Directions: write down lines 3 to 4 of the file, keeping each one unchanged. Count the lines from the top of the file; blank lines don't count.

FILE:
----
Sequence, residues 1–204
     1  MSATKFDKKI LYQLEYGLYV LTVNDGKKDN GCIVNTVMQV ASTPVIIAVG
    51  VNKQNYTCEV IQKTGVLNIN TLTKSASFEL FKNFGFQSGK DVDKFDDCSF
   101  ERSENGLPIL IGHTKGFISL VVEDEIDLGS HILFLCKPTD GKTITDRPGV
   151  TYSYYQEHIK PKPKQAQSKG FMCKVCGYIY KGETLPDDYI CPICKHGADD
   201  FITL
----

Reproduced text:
    51  VNKQNYTCEV IQKTGVLNIN TLTKSASFEL FKNFGFQSGK DVDKFDDCSF
   101  ERSENGLPIL IGHTKGFISL VVEDEIDLGS HILFLCKPTD GKTITDRPGV